The hardest maneuver for an autonomous vehicle is getting on and off a fast-moving highway. That’s why most self-driving cars “are crawling around coffee shops at 20 miles per hour,” explains Amit Nisenbaum, CEO of Tactile Mobility, a Haifa-based startup that aims to give smart cars the ability to “feel the road” the way a human driver does.

Tactile Mobility (formerly called Mobi-Wize) has raised $10 million and is working with five car manufacturers, including Ford. And a new partnership with the city of Haifa has equipped 10 municipal vehicles with Tactile Mobility’s software.

As these cars (parking-enforcement vehicles, among others) travel around Haifa doing their normal business, they’ll also be grabbing data passively on potentially hazardous road conditions and sending that data to Haifa’s road planners. The city pays Tactile Mobility “by every mile that we map,” Nisenbaum says.

Modern vehicles are as much software and sensors as they are steering wheels and brakes. Your car is already tracking how much it weighs at any given time, how tightly it’s gripping the road (including in slippery conditions), whether the car is bumping up and down as it travels over potholes and how steep a hill is.

Tactile Mobility collects all that data from a vehicle’s sensors and crunches it to create what Nisenbaum describes as “actionable insights that give the vehicle better context.”

Enabling an autonomous vehicle to feel the road will make it easier for self-driving cars to travel faster and handle those highway on- and off-ramps.

“If companies like Mobileye or Innoviz allow smart and autonomous vehicles to ‘see’ the road to make driving decisions, we augment that capability with the tactile sense,” Nisenbaum tells ISRAEL21c.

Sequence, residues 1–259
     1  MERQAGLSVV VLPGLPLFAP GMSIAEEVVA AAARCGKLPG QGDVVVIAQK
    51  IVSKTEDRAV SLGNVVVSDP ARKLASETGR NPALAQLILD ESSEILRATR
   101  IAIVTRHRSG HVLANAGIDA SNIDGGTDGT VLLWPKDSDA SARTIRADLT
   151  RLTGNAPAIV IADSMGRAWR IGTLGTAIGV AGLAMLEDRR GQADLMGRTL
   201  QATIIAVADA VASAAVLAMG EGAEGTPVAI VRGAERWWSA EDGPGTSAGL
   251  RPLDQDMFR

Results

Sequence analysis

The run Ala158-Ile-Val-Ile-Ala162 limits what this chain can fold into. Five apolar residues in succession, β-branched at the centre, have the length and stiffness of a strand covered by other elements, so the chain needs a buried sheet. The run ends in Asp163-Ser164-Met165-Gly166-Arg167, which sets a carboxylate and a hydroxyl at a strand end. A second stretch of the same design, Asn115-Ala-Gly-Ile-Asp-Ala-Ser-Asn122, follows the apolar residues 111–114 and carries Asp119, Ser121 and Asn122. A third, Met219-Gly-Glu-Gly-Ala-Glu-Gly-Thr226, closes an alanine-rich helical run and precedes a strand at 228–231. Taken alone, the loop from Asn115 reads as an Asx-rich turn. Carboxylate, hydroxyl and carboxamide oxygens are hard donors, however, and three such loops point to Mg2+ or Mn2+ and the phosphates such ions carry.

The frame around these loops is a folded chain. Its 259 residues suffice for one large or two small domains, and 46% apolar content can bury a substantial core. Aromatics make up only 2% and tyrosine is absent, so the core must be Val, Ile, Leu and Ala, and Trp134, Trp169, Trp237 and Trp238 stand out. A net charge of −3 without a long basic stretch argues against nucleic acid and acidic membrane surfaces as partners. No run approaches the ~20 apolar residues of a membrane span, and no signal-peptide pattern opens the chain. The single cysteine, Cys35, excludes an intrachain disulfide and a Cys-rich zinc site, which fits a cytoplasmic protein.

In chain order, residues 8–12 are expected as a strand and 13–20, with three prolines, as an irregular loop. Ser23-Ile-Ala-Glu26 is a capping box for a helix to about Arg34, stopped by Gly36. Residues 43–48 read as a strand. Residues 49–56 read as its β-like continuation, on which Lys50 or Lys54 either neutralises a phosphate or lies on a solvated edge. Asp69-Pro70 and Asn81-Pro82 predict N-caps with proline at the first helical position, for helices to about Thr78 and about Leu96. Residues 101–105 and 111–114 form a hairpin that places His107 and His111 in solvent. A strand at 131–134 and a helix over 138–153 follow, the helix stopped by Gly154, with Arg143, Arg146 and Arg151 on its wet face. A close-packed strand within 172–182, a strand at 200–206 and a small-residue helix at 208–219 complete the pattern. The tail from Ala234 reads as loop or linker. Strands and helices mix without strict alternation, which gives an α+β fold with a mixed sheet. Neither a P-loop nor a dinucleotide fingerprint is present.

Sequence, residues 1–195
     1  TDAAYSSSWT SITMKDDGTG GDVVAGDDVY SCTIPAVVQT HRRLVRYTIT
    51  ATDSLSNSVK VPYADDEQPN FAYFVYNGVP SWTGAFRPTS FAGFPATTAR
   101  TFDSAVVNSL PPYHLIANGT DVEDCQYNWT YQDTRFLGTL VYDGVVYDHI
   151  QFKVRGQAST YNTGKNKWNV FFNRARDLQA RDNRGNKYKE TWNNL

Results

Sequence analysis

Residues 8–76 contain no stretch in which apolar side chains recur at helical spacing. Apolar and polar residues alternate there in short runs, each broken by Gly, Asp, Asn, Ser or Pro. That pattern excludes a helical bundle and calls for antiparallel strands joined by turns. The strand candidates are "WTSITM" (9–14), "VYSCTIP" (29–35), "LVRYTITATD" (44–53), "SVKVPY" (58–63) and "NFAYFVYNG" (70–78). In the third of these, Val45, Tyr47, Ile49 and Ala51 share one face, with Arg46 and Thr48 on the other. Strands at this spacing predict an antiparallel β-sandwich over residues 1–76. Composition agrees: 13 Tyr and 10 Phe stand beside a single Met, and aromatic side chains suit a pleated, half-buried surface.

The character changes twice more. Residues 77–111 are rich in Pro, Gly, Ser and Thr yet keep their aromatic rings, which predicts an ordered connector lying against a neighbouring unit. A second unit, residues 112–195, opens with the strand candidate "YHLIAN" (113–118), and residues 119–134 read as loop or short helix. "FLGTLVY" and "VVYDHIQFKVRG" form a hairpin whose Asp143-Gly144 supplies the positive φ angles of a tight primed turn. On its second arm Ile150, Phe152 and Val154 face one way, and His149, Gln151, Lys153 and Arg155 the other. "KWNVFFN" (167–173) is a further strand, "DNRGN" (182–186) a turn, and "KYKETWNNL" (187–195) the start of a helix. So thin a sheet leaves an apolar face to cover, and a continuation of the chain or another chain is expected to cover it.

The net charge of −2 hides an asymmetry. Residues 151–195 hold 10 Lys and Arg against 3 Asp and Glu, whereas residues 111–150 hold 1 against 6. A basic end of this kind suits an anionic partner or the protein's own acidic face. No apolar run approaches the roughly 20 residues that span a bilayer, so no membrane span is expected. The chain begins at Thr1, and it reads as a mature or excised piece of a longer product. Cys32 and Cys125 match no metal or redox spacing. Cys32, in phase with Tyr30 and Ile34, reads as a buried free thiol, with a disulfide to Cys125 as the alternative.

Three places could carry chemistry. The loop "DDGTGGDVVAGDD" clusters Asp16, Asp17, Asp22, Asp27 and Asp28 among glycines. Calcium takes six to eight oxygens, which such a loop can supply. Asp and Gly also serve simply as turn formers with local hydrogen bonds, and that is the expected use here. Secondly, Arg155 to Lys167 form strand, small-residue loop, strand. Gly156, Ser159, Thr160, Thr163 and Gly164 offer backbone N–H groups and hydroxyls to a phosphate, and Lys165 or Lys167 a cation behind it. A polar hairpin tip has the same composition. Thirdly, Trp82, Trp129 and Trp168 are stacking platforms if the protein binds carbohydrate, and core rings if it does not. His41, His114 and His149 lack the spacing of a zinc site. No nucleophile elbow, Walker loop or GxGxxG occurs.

The team of Mobi-Wize (recently renamed Tactile Mobility) in Haifa. Photo: courtesy

Tactile Mobility’s software can make sense in real-time of tens of thousands of data points per second from already installed sensors.

That’s still a bit down the road, so to speak. The first self-driving cars will be less automated and will require a person behind the wheel. When Tactile Mobility’s software detects, for example, that the road grip level has dropped below a certain threshold, “the autonomous vehicle’s computer will know to disengage and hand control back to the driver,” Nisenbaum says.

That happens already but only when the car is moving slowly, Nisenbaum adds. “To do it at high speed is impossible without our software.”

Nisenbaum splits his time between Israel and Silicon Valley, where he’s lived for much of the past two decades. Vehicles are in his DNA – he was an early employee and head of strategic alliances at electric car network pioneer Better Place, also headquartered in California with R&D in Israel.

Better Place never had the opportunity to take onboard Tactile Mobility’s software but chances are your current car – autonomous or not – is already feeling the road and getting ready for the next onramp.